A lot of this experience can be difficult to get before you work in the industry (particularly the more technical things – like how to download and install a build), and you should be aware this is where you are weakest. Being ready to explain what you are doing to overcome this weakness will help show willingness – for example with self-guided projects. Here’s my guide on how to get experience working on games.
This can (and should) be supplemented by time spent understanding other disciplines, for example watching industry talks, or joining their communities.
Games user researchers spend a lot of their time speaking to other disciplines. Producers, designers, programmers, and artists are the people who actually need to make decisions based on our conclusions.
These conversations can sometimes be difficult, and political. Friction between disciplines comes up when finalising research objectives, or sharing research findings, as each discipline’s language and priorities are different. Having the social skills and diplomacy to understand and be understood is key to having impact with our studies.
You need to show you have worked with other disciplines (not necessarily in games).
Many application processes test this by involving designers or producers in their interviews. When speaking to other disciplines, showing humility and a willingness to understand and learn from the environment (rather than playing the role of ‘the research expert’) can help create trust that you are able to work well with other teams.
How to get your application noticed
As we’ve discussed before, none of this will help if your application is accidentally dismissed prematurely.
Most game development roles advertised get hundreds of potentially qualified applications, and you need to even the odds that your application gets considered. Read the guide on networking to make sure you are getting a fair chance at an interview.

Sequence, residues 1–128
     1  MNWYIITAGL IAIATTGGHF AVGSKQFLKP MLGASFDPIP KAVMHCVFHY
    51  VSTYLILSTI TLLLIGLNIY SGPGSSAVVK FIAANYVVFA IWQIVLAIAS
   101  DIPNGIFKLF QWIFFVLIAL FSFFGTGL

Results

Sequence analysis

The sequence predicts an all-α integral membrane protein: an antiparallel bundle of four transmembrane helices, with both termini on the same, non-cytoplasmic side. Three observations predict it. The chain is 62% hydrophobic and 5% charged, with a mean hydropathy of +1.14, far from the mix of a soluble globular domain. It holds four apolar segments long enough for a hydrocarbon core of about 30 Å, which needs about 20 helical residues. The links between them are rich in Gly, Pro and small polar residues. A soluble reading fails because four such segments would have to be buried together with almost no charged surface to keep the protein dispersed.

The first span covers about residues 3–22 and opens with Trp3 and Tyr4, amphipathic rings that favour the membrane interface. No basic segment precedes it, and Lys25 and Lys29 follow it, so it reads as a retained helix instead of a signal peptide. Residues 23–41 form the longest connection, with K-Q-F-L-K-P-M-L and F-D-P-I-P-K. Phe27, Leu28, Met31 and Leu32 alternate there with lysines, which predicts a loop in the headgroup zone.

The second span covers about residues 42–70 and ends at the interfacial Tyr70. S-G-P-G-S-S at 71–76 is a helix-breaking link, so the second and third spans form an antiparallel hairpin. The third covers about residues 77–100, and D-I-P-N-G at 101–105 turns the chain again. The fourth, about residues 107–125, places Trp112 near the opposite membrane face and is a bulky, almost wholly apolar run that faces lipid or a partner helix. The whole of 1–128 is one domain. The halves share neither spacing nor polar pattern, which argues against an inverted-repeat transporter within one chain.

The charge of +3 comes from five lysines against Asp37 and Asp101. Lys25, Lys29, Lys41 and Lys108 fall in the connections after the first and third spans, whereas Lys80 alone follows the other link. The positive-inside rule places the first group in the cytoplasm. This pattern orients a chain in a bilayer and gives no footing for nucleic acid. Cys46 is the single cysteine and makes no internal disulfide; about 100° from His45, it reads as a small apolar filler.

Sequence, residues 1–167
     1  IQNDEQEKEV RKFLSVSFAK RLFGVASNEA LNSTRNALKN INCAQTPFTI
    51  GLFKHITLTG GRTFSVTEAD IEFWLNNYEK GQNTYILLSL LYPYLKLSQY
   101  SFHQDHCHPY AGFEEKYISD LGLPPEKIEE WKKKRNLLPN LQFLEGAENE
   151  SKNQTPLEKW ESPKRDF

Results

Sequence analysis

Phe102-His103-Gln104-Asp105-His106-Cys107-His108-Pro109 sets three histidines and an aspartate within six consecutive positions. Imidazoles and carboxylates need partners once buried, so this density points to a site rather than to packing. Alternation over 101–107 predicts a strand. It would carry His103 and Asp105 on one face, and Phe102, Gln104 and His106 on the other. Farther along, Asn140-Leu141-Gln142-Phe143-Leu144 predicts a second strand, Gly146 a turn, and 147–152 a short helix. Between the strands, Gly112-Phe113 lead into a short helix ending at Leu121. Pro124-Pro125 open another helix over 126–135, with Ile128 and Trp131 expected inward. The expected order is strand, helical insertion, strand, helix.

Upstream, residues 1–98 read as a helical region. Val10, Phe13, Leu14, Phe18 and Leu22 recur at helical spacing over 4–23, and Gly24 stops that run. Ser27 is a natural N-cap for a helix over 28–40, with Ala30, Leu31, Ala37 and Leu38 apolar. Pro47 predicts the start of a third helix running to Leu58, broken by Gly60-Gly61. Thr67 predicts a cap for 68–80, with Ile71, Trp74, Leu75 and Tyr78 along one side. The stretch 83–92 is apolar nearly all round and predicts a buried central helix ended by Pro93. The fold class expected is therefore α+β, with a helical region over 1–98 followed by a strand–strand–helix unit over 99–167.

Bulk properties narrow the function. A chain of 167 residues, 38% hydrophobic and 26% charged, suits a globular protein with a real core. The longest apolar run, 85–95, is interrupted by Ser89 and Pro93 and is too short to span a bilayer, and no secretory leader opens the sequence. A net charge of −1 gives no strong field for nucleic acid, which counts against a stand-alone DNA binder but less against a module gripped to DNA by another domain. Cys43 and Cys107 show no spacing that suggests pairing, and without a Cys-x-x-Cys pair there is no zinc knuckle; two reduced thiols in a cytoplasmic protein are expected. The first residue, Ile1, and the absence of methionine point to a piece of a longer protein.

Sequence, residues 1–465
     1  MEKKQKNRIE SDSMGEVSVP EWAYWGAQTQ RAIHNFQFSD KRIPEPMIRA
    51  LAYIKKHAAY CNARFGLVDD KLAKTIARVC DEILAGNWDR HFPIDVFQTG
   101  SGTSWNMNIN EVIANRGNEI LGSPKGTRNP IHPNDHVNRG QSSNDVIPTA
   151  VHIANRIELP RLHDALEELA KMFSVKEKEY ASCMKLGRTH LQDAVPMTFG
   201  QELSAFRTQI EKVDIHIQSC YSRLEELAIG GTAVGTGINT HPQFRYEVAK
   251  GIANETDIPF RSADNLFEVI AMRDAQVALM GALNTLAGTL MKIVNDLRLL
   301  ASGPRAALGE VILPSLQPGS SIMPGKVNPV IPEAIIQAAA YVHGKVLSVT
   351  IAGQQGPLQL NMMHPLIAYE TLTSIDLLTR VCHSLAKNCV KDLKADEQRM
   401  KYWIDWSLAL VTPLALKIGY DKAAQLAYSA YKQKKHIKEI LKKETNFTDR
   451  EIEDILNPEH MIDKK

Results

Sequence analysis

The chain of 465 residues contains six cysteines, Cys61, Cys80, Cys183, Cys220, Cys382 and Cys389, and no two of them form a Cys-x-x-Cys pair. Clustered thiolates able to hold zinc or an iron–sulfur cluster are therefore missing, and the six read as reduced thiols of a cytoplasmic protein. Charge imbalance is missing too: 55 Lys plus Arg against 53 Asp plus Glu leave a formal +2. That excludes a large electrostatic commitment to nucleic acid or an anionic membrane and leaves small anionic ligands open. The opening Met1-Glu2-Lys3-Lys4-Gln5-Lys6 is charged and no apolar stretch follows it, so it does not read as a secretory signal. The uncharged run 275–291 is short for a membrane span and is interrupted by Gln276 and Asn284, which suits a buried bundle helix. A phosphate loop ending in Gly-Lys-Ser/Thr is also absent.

Tips from the community
From my own personal experience, using the opportunities that universities offer to get some experience in running in-person research is one of the biggest potential benefits of postgraduate study. We covered this in more depth in the HTBAGUR book. Jessica Tompkins, PhD and UX researcher at EA, help on this chapter was invaluable.
I also asked this question on twitter and LinkedIn, and Jessica gave some additional great points on LinkedIn:
Jess also later shared this fantastic advice thread on Twitter
Irena Pavlovic also raised the importance of pragmatism when performing research in industry.
On twitter, Natali, working as a user researcher at Ubisoft, raised the difference in pace between academia and industry, and that one of the challenges is adapting research methods, analysis and debriefing so that it finds answers when it’s still relevant.
Blake is a UX Researcher at XBox. He also highlighted how the change of environment impacts the goal of quantitative studies, and what we would consider an appropriate conclusion.
Lots of great tips there from the community, and the need for speed comes up multiple times. In industry a study that provides findings too late is pointless, as the decision will have been made. The development team have already moved on to the next topic.
One way of speeding up analysis is through preparing templates for note-taking and analysis, and using mindmaps as a way to speed up analysis, as I covered in the Games User Research Summer Camp event in 2020. We also explore this, and other aspects of moving from academia to industry in the book – but it’s a popular topic, so I know we’ll cover different aspects of the transition in more depth in the future.
How have others found it?
Last year I interviewed Blizzard’s Adam Lobel, with a deep focus on his transition from a PhD to games user research. Learn more about his experience and what surprised him in the full interview.